schaffer at optonline.net
Tue Feb 17 12:38:38 MST 2004
February 17, 2004
Ohio Town's Water at Last Runs Past a Color Line
By JAMES DAO
ZANESVILLE, Ohio — In January, a strange thing happened when people
along Coal Run Road turned on their taps. Drinking water came out. Not
the sulfur-tinged, bug-infested stuff that collected in their cisterns
or swirled in their wells. Cool, clean,
straight-from-the-pumping-station city water.
The story of how they got that water, and were for years denied it,
seems anachronistic in 21st-century America. But it speaks volumes, the
residents contend, about disparities in living standards that are
related to the color of one's skin.
For years, decades really, residents of the hollow had been asking local
officials to extend water lines down their narrow, twisting roads. Not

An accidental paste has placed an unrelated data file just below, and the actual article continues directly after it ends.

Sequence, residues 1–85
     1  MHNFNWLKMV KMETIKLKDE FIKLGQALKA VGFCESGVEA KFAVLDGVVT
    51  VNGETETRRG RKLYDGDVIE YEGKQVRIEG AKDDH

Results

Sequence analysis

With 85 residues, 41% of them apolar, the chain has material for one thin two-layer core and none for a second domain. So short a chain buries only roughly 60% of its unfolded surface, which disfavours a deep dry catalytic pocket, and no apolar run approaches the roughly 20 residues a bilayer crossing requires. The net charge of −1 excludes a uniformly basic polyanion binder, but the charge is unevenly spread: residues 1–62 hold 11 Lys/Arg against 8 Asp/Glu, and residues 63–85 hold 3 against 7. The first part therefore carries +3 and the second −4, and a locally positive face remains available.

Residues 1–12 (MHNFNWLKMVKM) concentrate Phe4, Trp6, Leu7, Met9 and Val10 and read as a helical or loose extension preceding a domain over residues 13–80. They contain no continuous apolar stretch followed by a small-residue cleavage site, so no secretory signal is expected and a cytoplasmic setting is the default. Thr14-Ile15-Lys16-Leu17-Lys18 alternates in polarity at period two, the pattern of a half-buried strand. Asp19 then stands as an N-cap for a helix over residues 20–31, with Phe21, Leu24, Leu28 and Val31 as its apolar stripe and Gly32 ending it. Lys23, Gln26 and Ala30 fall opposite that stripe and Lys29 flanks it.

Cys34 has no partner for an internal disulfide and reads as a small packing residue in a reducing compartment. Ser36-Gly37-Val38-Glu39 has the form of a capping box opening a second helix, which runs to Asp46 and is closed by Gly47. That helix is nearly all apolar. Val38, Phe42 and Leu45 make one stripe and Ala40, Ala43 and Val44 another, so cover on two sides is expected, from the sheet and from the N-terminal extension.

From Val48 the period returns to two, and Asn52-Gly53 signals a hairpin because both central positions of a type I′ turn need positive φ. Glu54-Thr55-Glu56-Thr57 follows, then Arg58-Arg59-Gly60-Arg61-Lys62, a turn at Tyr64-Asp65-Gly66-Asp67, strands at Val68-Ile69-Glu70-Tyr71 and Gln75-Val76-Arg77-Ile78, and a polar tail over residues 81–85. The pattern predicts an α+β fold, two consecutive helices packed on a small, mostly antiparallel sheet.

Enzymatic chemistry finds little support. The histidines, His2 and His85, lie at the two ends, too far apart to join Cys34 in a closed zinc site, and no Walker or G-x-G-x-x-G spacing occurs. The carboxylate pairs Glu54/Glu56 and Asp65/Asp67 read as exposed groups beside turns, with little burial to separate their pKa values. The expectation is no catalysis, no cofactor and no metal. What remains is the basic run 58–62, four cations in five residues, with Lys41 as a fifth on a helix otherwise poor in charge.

enough water pressure, they were told. Too expensive. Too hilly.
Yet just up the hill, not 200 yards away, homeowners have had running
municipal water for years. One new homeowner even installed a hot tub
and routinely sprinkled his lawn, something residents of the hollow
could never do with their 1,000-gallon cisterns, which were constantly
Almost all the people living at the top of the hill are white. Almost
all the people in the hollow are racially mixed: white, black and
American Indian. And it increasingly seemed to residents of the hollow
that this had something to do with their plight.
full at: http://www.nytimes.com/2004/02/17/national/17WATE.html
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